When I first began working in the Tikvah Program at Camp Ramah in New England in 1984, all of the counselors came to Tikvah from OUTSIDE of Ramah. My co-counselor, for example, was studying learning disabilities at Yeshiva University and came to Ramah, a Conservative Movement camp, to work with Tikvah, the only overnight camping program at the time to include campers with disabilities within a large Jewish overnight summer camp. Thirty years later and 45 years after the start of the first Tikvah Program (at Glen Spey, New York) , most Tikvah staff members at Camp Ramah New England, as well as in our five similar Tikvah Programs across the US and Canada, are “home grown” talent. Many served as peer mentors through such programs as Bogrim Buddies, Machon Helpers and MiNis, our Nivonim (oldest division) counselor-in-training program. These experiences helped shape their attitudes toward people with disabilities, and many have considered careers working with people with disabilities as a result of their experience with Tikvah. In fact, my greatest delight is when these young counselors tell me that their “dream” is to “have my job!” I take them seriously. What these 18-22 year olds are asking is if there is a career path which might lead them to be a full time or part time director of a Tikvah Program (or similar camp program), or an inclusion specialist.
We at Ramah continue to expand our programs and support services for campers with a range of disabilities. In the next two years, both Ramah Darom and Ramah in the Poconos will open Tikvah Programs. And interest in starting or expanding programs for campers with disabilities is evident across the Jewish camping world—from Round Lake (a New Jersey Y camp), to various URJ camps. And the Foundation for Jewish Camp will soon be supporting inclusion coordinators at four Jewish summer camps.
As the trend toward more disabilities camping programs continues, there will be a need for more directors. And the directors will require a wide range of skill sets including background in such disciplines as social work, psychology, special education or similar; experience in management, budgeting, fundraising, and staff training; comfort working with families, ability to assess campers, and ability to understand and manage camper behaviors–while also keeping late hours, and in my case—going on overnight camping trips and frequently plunging toilets!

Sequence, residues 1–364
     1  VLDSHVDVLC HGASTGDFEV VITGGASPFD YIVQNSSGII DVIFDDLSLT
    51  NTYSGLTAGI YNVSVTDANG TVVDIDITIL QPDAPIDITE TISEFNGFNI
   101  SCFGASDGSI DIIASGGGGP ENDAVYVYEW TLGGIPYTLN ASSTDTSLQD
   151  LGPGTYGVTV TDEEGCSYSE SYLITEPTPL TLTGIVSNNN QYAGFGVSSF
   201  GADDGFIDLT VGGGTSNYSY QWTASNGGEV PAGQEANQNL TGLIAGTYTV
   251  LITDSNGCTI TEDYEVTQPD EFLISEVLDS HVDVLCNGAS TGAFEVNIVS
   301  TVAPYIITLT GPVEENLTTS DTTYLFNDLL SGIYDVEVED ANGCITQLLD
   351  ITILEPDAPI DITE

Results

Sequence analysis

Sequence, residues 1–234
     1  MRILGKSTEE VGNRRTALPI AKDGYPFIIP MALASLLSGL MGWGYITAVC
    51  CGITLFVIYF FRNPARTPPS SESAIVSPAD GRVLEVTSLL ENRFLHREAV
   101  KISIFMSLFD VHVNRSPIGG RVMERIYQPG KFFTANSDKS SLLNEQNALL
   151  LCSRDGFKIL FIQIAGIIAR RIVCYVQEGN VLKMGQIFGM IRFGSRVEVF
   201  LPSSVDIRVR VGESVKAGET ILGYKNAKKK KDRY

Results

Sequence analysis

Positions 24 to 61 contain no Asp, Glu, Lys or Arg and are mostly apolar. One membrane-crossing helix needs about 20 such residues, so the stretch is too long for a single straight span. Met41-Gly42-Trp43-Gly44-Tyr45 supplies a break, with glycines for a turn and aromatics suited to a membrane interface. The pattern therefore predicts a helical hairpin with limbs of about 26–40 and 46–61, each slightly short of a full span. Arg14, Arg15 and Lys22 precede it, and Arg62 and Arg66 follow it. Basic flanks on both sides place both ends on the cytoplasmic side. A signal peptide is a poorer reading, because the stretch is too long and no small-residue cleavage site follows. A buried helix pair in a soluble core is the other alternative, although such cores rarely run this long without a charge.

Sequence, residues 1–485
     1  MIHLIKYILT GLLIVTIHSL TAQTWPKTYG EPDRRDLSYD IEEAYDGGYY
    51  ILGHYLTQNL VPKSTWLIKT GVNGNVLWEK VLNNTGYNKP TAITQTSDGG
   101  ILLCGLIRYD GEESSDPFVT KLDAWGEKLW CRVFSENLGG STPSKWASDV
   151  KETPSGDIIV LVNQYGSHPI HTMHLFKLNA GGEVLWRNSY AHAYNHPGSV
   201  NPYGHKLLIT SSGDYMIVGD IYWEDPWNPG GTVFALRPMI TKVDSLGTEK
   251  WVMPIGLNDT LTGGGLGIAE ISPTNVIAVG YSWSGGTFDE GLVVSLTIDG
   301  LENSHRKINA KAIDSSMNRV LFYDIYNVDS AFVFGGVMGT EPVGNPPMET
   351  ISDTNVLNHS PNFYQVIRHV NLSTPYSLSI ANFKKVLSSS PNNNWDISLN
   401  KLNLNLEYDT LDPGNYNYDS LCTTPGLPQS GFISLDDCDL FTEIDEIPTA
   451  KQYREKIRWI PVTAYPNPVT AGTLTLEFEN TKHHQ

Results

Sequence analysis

How do we help these young people and the field? Perhaps the first step is to increase communication between all of us already “in the field.” Sharing resources, best practices and staff training is beginning to happen and needs to become more systematic. And discussions about trends and ongoing needs, including staffing, should be part of the conversation. Perhaps these young 20-somethings would be willing to receive additional training, perhaps through an institute, a certificate training program, or an FJC-sponsored program—which would enable them to more easily move in to the role of disabilities program director or inclusion specialist. Perhaps some of these young professionals may be willing to leave the camp in which they grew up to serve as a disabilities program director in the camp of another movement, or in a Y or JCC camp.
The FJC already offers some excellent models of training professionals. For example, the Executive Leadership Institute for current camp directors, the Yitro Program for assistant directors (many go on to become camp directors), and Nadiv (meaning “generous” or “noble” in Hebrew), which according to the FJC website, is funded by the Jim Joseph Foundation and the AVI CHAI Foundation and is “a ground-breaking initiative that will create exciting connections between camps and schools, leveraging unique skill sets and best practices for the benefit of both; the pilot program creates six senior experiential Jewish educator positions to be shared by overnight camps and Jewish day/synagogue schools.”
Perhaps the Jewish disabilities field should look to Nadiv as a model for training camp professionals and for working in partnership with other institutions working to support children and young adults with disabilities. For Jewish overnight camps not yet able to hire full time Jewish disabilities professionals, perhaps a program of ‘sharing expertise” between camps and schools, synagogues, and youth groups would be a useful model. Let’s begin a conversation of how to best train and professionalize the Jewish disabilities camping field in particular, and the Jewish disabilities field in general.
Wouldn’t it be amazing to retain some of these young superstars and show what a meaningful career awaits?
Howard Blas is the director of the Tikvah Program at Camp Ramah in New England as well as the newly-appointed director of the National Ramah Tikvah Network. Howard also teaches children with a wide range of disabilities for bar and bat mitzvah. Howard recently received the 2013 Covenant Award for Excellence in Jewish Education.